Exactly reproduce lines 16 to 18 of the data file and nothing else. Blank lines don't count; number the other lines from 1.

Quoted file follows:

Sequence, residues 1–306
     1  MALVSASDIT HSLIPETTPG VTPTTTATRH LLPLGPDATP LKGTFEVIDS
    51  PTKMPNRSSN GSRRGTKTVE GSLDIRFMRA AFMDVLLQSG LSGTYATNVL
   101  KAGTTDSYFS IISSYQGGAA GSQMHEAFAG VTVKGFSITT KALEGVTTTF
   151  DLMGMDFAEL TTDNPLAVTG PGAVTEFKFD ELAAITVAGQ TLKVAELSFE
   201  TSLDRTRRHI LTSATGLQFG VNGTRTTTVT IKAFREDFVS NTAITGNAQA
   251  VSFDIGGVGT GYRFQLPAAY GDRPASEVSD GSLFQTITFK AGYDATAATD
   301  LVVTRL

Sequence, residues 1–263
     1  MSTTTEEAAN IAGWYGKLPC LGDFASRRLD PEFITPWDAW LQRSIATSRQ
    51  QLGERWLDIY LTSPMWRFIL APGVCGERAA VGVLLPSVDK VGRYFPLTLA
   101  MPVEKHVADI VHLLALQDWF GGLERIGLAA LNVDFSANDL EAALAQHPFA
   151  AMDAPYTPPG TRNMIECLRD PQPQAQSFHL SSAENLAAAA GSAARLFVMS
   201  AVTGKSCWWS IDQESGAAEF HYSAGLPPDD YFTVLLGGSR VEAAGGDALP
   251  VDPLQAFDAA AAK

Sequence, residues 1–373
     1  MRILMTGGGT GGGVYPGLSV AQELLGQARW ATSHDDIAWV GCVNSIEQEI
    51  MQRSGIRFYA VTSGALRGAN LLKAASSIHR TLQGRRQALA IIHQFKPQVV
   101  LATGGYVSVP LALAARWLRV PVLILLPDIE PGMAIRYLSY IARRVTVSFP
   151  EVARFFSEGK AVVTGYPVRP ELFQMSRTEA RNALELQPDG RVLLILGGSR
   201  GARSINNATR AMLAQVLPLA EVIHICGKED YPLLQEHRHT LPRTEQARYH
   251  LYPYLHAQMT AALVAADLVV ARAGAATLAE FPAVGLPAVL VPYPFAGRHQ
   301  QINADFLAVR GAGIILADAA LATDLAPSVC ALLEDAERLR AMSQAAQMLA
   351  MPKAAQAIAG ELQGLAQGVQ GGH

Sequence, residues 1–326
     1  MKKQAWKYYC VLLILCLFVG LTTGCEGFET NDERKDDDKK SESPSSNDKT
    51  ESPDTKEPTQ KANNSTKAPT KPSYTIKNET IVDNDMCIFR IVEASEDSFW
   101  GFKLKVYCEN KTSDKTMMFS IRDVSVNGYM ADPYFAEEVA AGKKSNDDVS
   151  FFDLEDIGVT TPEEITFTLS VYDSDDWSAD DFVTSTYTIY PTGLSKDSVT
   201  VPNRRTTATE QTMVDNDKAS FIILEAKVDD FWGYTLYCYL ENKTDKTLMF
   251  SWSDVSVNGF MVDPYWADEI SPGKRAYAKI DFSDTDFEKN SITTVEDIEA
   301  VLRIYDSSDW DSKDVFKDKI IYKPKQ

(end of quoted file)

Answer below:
Sequence, residues 1–373
     1  MRILMTGGGT GGGVYPGLSV AQELLGQARW ATSHDDIAWV GCVNSIEQEI
    51  MQRSGIRFYA VTSGALRGAN LLKAASSIHR TLQGRRQALA IIHQFKPQVV